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Clarice Buttery

Memories of working in Hendrefoilan House

Before she died Clarice Buttery recalled her memories of working as a kitchen maid in Hendrefoilan House in the early years of the 20th century in an interview with members of the Clyne Valley Community Project.

It is likely that she began working in the house in 1914 or 1915.  She was the oldest surviving child of her family although an older sibling died along with two others when diphtheria broke out.  Clarice as the oldest had to go out to work in order to supplement the family income.

Her duties were as a kitchen maid.

She recalled everything being made and prepared from scratch.  Much of it was supplied by the estate.  The gardener was in close contact with the housekeeper in order to know what was required from the gardens.

Much of the produce would be preserved by pickling, jam making, salting, smoking etc.  The kitchens were always busy and very regimented with set tasks allotted to individuals.  Clarice did a great deal of preparation, cleaning up and followed the orders of the cook to the letter.

When an important event was planned such as a special meal, party or ball there would be much extra work in the kitchen with staff working for weeks beforehand.  Game, poultry etc. would be brought in and all the butchery and feathering would be done there.

Clarice was allowed every other Sunday afternoon off and she used this time to visit her family as she could walk home.  She would often help her mother with the chores.  She remembers that when it was time to return to the house she would insist her brother walk her back as the driveway to the house was long with marble statues on either side and woods around which she was rather frightened of.  On some occasions, the cook would send some food home with Clarice for her mother.

There were wonderful greenhouses on the estate which had grapevines and other exotic fruit which was grown for the house.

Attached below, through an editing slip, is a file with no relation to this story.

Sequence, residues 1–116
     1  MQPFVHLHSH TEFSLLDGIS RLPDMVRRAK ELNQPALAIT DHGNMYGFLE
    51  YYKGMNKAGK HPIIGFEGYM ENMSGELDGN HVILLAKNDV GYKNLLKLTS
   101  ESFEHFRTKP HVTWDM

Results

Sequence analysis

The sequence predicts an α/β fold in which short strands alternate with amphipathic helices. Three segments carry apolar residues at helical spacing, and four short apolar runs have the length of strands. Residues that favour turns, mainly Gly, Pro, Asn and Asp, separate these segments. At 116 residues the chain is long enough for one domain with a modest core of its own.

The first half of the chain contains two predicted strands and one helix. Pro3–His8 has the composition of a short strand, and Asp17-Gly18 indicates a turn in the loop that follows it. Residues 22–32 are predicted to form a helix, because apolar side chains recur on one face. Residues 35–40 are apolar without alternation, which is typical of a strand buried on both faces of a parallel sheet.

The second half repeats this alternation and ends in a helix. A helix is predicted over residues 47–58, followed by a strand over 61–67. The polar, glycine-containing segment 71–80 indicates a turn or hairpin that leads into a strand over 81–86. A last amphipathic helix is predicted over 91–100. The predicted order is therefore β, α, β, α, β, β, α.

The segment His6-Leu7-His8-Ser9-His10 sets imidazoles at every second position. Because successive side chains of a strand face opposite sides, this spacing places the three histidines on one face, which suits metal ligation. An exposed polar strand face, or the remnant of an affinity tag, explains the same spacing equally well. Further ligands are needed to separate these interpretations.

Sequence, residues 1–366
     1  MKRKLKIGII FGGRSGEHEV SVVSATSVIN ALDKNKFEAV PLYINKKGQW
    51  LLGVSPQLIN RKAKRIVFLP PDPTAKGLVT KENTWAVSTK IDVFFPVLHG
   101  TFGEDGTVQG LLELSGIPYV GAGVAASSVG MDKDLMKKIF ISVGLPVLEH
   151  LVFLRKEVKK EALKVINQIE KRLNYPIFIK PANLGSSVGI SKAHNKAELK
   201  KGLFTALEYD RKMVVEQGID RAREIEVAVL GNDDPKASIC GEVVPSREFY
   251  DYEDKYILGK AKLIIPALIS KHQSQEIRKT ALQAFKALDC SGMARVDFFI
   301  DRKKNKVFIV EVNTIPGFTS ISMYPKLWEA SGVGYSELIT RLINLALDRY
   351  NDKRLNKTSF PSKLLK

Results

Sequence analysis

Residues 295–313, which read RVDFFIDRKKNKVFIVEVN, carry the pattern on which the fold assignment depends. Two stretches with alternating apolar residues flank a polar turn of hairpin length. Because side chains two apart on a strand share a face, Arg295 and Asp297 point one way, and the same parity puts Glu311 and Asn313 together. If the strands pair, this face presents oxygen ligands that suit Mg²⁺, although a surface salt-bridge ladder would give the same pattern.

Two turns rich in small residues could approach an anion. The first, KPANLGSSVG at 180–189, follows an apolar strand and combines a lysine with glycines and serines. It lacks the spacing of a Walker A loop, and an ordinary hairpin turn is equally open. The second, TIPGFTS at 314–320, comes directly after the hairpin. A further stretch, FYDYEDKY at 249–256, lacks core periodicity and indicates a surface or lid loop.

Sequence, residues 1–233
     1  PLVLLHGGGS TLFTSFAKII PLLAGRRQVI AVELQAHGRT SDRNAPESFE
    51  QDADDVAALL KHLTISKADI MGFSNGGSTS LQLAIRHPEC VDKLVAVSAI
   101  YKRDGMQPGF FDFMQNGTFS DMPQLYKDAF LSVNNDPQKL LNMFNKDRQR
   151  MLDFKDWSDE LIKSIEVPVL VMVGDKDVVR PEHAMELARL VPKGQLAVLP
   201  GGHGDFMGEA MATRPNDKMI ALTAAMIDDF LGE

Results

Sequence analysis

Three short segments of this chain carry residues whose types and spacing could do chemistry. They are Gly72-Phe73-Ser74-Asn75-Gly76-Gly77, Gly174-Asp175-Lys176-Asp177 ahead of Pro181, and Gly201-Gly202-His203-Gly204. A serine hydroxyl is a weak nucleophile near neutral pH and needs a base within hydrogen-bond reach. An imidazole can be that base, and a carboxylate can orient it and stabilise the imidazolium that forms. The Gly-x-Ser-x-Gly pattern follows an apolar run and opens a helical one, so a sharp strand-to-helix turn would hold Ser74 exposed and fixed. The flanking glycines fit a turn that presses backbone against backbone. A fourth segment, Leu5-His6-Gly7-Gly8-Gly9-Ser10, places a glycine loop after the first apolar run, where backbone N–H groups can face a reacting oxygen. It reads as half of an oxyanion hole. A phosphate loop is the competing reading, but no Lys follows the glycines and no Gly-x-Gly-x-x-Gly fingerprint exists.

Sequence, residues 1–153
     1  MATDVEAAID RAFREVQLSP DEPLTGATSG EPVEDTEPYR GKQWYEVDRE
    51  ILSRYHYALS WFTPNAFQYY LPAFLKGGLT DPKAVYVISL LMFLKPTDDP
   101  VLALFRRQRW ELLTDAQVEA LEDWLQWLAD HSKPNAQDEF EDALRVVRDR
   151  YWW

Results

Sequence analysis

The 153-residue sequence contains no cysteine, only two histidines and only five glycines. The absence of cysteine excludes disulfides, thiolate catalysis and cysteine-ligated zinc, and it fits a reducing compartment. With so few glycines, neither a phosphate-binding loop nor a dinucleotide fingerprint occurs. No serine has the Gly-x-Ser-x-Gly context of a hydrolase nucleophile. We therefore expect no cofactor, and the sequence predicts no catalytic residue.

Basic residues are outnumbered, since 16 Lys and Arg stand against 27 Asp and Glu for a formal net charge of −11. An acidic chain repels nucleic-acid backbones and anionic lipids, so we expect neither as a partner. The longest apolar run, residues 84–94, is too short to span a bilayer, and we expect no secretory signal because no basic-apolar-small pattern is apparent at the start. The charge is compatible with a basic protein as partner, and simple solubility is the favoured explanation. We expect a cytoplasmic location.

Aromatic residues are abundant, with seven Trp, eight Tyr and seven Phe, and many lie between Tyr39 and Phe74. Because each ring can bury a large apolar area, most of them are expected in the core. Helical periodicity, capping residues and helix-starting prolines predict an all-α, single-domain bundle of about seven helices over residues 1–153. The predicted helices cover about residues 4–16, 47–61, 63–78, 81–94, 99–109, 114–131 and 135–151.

Memories include the lord going out hunting in the estate with visitors and bringing back what had been shot for the kitchen.

Another memory included the lord with a younger wife and the marriage appeared to be an unhappy one with arguments taking place.  It was possibly a second marriage

On one occasion the house entertained the Prince of Wales which caused huge excitement and preparation.

Wonderful dinners took place with exotic menus with many courses offered.  Each course was carefully planned and timed.  The cook during these times became very stressed and anxious.  All crockery, glassware etc. would need an inspection prior to the dinner.

Clarice was taught never to waste anything and all food had to be used.  Cuts of meat that were not thought suitable for upstairs were used to feed the servants and meals would be planned around the availability of food.

Clarice was taught to sew by hand as her clothes were made but also so that small repairs could be completed in the house.

As time went on Clarice gained in experience and began taking on more duties, including cooking some of the dishes.  Her ability to organise, plan, cook etc. stayed with her for the rest of her life.

Each year some of the servants were chosen to accompany the owners to Bath where they lived on the Royal Crescent for several months.  The house is now a hotel.  The housekeeper would make her choice as to who would go and Clarice was chosen.  A great deal of preparation went into the visit.  On their day off they would go to church, after which Clarice would be taken for a cup of tea.  She remembers the staff regularly going to Bath station to pick up the food hampers which were sent up from Hendrefoilan.  It was always a source of excitement to see what had arrived.  She remembered wonderful peaches wrapped in tissue paper, sides of ham, all sorts of vegetables and fruit, butter, cheese etc.

The work at the house was very hard and the hours were long, and because everything had to be done from scratch it involved great preparation, fires to light, floors to scrub, kitchen implements to clean.  All the food such as desserts were made from estate ingredients including fruit jellies, cordials, sauces, jams and preserves.  Clarice remembers game and meat hanging for the appropriate amount of time before being used.  Completing the washing was a huge task as there was much starching of clothes required and scrubbing of stains.  Boiling water took a long time.

Clarice remembered wonderfully attended gardens, a kitchen garden and a flower garden which provided for the house. Clarice had to return to the family home eventually to help with the younger children as her mother was in ill health and as she was older she could help out.  Her youngest sister was about seventeen years younger than her.  There were four younger surviving siblings.  Clarice married and stayed in the family home, eventually purchasing it from the Sketty Park Estate.

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